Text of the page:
An important dialogue about mental health has taken the National Basketball Association by storm. Several weeks ago, DeMar DeRozan, a guard for the Raptors told the Toronto Star about his struggles with depression.
Through sharing his personal stories with an international audience, DeRozan garnered private and public support from fans and NBA players alike. One player, in particular, found such inspiration in DeMar's story that he decided to go public with his own mental health challenges.
Published in The Players' Tribune, Cavaliers forward Kevin Love detailed his first panic attack, which occurred just after halftime of a basketball game earlier this season. Despite surviving the frightening experience, what stood out to Love following his panic attack was the fear he held about others discovering his mental health challenges.
"It was a wake-up call, that moment. I'd thought the hardest part was over after I had the panic attack. It was the opposite. Now I was left wondering why it happened - and why I didn't want to talk about it," Love said.
Through self-reflection, Love discovered that it was his cultural conditioning--the messages he received from loved ones, coaches, players, and society--that made him worry about disclosing his emotional discomfort.
Love articulated that, as a young male, he received constant messages to "Be strong. Don't talk about your feelings. Get through it on your own." And all of these messages taught him to associate emotions with weakness, which is why he was afraid to tell others about his panic attack--he didn't want them to think that he was an unreliable teammate.
Many people currently struggling with mental health challenges can relate. They too are stuck suffering in silence. Afraid to discuss their struggles with others. Unable to ask for help. But Love courageously took a risk--he asked for assistance.
The Cavaliers organization found him a therapist. Following their first meeting together, Love conveyed, "I think it's easy to assume we know ourselves, but once you peel back the layers it's amazing how much there is to still discover."
Love articulated that seeing a therapist and asking for help was a little scary, awkward, and difficult, but he also shared that it has changed his life for the better. It has made him a better player, person, and increased his compassion for others dealing with similar struggles.
Entrepreneurs can learn a lot from Love's bravery. Similar to his experience, many entrepreneurs have been socialized to believe that their emotions aren't important. That their feelings don't matter. And that the only thing that does matter is their work.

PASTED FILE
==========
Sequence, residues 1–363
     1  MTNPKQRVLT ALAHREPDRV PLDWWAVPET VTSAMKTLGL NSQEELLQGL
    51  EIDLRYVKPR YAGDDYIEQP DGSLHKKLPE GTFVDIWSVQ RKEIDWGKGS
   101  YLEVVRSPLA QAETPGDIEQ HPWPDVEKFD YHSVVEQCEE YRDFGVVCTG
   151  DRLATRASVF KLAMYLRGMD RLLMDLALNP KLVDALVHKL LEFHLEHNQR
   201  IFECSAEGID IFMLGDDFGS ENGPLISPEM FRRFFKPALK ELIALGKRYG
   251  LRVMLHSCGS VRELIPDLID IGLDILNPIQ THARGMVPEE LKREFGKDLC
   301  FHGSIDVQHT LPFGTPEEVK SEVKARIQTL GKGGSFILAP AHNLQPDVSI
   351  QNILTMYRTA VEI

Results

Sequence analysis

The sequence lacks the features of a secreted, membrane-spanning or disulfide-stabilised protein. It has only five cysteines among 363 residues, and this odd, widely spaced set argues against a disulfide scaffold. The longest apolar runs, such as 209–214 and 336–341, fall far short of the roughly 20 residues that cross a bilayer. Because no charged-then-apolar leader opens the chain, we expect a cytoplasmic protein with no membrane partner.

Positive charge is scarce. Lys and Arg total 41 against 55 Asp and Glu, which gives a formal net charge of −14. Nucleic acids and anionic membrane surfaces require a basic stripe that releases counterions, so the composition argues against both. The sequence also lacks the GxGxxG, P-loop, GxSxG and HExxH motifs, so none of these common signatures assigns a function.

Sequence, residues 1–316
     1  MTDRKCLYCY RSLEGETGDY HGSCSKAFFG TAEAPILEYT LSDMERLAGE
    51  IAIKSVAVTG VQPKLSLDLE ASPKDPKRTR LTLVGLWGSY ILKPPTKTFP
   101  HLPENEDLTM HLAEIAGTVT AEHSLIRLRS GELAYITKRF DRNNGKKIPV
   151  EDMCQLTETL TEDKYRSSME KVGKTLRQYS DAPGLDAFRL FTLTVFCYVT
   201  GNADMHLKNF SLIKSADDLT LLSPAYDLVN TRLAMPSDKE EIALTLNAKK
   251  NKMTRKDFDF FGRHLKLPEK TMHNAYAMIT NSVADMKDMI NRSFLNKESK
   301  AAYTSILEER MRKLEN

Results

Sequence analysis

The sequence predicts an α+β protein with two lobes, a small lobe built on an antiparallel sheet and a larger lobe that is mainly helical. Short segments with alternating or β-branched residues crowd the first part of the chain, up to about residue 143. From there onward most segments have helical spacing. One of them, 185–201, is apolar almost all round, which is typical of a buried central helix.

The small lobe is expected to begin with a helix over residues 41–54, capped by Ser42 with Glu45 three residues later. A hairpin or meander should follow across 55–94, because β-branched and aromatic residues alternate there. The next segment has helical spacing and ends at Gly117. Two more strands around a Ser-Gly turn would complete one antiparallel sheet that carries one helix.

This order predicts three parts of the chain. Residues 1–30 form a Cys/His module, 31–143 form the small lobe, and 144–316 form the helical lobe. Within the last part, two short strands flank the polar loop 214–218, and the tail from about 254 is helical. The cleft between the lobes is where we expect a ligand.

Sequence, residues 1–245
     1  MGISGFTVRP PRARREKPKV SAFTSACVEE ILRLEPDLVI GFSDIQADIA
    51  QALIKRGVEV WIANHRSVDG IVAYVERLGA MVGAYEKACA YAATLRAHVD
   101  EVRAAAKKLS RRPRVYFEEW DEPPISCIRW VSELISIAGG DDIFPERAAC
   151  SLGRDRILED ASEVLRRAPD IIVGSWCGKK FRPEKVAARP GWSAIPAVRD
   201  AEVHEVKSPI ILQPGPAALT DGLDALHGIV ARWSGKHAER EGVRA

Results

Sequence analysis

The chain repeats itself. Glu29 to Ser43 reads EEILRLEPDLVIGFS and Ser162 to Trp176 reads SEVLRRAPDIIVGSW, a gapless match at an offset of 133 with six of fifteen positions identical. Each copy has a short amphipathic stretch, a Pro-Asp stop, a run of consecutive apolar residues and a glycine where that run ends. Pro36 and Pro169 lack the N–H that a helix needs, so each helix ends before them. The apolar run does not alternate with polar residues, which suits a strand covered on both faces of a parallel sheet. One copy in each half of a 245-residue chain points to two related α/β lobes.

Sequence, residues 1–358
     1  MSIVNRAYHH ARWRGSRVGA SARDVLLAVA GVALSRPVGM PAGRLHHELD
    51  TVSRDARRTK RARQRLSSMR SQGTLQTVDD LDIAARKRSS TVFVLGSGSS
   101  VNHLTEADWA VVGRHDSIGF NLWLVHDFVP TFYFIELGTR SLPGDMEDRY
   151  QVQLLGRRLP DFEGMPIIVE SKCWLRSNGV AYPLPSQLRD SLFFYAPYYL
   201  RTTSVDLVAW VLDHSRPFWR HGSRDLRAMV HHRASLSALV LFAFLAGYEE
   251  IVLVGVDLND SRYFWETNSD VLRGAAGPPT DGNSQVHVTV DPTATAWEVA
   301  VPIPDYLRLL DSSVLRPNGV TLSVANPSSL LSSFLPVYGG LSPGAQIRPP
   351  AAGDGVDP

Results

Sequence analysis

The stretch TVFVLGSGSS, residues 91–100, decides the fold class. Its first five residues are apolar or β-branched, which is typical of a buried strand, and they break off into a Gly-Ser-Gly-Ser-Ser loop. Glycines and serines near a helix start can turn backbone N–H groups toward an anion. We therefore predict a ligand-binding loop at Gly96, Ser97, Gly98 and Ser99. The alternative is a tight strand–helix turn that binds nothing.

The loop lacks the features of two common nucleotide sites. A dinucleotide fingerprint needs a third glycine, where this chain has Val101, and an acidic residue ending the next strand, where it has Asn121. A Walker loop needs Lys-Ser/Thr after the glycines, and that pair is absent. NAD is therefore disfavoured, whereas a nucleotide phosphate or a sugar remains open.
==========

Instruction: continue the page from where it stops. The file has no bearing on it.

Developing a successful business is undeniably one of the most difficult and admirable tasks that can be achieved in a capitalist society. There's constant competition and endless work to be done. But when that work causes you to feel unable to express emotional vulnerability, that's a problem.
You are more than your occupation. And even if your occupation is your pride and joy, that doesn't mean you're exempt from emotional trials and tribulations.
Prior to engaging in therapy, Love thought, "What are my problems? I'm healthy. I play basketball for a living. What do I have to worry about?" Here he was living his dream and still experiencing hardship.
That's part of being human. As I tell my clients, just because you have a broken arm and your neighbor has a broken back doesn't mean that you don't deserve to heal. We all experience pain.
Suffering is relative. And the more that individuals--like entrepreneurs--feel empowered to openly discuss their mental health, the more collective healing can occur.
Perhaps our common humanity can be a gateway to healing. As DeRozan said in his interview, "It's one of them things that no matter how indestructible we look like we are, we're all human at the end of the day."
Through sharing their personal experiences, DeRozan and Love have opened the door for the 56 million US citizens that struggle with anxiety and depression to speak up about their experiences. To seek help. And to access the care that they deserve.
Entrepreneurs can play a similar role. As role models and iconic rock stars of the modern era, openly discussing their own inner battles can give themselves and others permission to access mental health resources. To live more fulfilling lives. And to perform at their absolute best in personal and professional settings.
Having mental health challenges doesn't make you weak. Describing your feelings doesn't make you fragile. And asking for help doesn't mean that you're flawed.
The opposite is true: having an open dialogue about your emotional suffering--something that is a normative experience in modern society--requires strength, courage, and self-awareness.
It models vulnerability and privileges communication rather than silence. It encourages others to practice what they preach and live according to their values rather than cowering behind misguided social norms.
If you truly value self-development and professional fulfillment, then follow the example set by Love, DeRozan, and others. It's time to speak up.
The time for change is now.